Oil prices steady as market awaits output deal

Oil prices steady as market awaits output deal

Oil prices were steady on Wednesday as the market awaits a pact from producers on output and Britain became the first country to approve a COVID-19 vaccine for use, boosting hopes for a future recovery in oil demand.

Prices were hit by a surprise build in oil inventories in the United States and as OPEC and its allies created uncertainty with a two-day delay to a formal meeting to decide whether to increase production in January.

Brent crude oil futures were down 9 cents, or 0.2 per cent, at $47.33 a barrel by 1012 GMT, while West Texas Intermediate crude was down 11 cents, or 0.3 per cent, at $44.44.

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Industry data from the American Petroleum Institute showed U.S. crude inventories rose by 4.1 million barrels last week, compared with analysts’ expectations in a Reuters poll for a draw of 2.4 million barrels.

The numbers came after the Organization of the Petroleum Exporting Countries (OPEC), Russia and other allies, a group known as OPEC+, postponed talks on next year’s oil output policy to Thursday from Tuesday, according to sources.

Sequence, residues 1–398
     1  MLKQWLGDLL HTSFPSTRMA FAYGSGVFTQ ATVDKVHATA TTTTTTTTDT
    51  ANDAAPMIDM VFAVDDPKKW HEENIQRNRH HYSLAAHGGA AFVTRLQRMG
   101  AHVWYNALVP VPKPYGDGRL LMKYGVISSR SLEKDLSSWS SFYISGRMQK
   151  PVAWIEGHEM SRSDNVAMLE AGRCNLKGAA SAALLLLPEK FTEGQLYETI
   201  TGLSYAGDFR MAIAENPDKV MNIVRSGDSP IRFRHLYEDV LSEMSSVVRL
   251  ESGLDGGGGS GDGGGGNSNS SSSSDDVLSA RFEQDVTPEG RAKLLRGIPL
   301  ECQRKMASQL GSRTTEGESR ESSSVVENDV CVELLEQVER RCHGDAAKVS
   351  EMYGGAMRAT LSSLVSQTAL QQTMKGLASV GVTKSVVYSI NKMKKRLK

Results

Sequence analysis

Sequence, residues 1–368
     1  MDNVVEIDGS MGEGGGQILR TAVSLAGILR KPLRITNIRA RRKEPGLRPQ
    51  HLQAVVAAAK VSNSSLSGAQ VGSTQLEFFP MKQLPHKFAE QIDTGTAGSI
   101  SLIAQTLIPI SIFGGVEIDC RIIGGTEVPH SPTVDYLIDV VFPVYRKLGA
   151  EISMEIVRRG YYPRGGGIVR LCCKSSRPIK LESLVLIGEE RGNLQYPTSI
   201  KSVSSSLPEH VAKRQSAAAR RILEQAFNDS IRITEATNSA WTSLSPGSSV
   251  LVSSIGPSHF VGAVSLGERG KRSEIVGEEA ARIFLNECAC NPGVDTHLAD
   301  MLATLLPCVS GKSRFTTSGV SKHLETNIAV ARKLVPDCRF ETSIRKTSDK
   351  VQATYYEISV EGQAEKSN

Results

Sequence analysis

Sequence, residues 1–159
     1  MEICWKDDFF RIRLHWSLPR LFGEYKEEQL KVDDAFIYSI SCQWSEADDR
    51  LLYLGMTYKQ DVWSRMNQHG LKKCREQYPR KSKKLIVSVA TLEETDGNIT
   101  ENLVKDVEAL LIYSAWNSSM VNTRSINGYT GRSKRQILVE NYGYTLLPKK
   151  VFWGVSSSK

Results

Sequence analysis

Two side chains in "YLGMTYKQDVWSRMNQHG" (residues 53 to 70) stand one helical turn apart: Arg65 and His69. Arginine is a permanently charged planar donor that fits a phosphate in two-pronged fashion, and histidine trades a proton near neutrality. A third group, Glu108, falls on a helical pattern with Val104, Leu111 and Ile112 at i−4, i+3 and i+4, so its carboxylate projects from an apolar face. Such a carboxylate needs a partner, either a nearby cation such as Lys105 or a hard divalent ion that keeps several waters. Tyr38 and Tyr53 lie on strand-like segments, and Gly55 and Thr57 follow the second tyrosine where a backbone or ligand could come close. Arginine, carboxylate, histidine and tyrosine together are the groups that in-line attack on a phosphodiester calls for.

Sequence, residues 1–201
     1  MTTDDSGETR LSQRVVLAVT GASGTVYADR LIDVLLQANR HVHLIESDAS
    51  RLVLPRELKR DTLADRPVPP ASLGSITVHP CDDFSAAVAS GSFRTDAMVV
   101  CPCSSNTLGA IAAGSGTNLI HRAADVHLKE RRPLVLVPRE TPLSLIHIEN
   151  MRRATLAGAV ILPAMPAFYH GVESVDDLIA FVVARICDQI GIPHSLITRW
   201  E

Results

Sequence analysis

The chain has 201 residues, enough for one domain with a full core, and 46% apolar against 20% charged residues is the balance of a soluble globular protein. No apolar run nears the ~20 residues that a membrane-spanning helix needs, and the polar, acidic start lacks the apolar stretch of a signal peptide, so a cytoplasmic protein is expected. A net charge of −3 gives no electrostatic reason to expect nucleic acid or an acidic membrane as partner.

The group this year imposed production cuts of 7.7 million barrels per day (bpd) as the coronavirus pandemic hit fuel demand.

It had been widely expected to roll those reductions over into January-March 2021 amid spikes in COVID-19 cases.

But the United Arab Emirates (UAE) said this week that even though it could support a rollover, it would struggle to continue with the same deep output reductions into 2021.

“Reports about internal discords within the oil cartel following Monday’s virtual meeting has undermined the prevailing optimism,” said Stephen Brennock of oil broker PVM.

He said market expectations were still leaning towards the extension of the current tranche of cuts through the first quarter of 2021, though “full in the knowledge that anything less would trigger a brutal selling frenzy.”

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Britain on Wednesday became the first western country to approve a COVID-19 vaccine, jumping ahead of the United States and mainland Europe in what may be a first step toward a return to normal life that will boost oil consumption back to pre-crisis levels.

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Published at Wed, 02 Dec 2020 11:55:10 +0000

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Written by Riel Roussopoulos


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